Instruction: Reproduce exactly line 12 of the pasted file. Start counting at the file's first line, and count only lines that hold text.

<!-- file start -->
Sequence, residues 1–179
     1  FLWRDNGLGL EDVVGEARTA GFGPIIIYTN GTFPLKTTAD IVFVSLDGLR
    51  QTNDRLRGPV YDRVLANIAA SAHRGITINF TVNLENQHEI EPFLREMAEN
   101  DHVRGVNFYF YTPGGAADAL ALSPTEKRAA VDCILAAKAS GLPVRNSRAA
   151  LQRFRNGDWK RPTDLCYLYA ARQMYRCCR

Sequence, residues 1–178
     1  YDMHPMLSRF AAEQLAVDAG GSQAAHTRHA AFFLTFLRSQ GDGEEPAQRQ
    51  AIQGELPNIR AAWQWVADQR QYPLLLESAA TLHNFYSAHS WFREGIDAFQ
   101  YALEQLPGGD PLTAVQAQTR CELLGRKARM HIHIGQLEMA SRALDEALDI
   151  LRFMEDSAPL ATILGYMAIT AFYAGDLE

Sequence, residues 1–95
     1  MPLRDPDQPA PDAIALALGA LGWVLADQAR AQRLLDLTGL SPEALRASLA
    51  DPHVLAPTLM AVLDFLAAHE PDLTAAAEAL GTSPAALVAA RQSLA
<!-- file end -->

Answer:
     1  MPLRDPDQPA PDAIALALGA LGWVLADQAR AQRLLDLTGL SPEALRASLA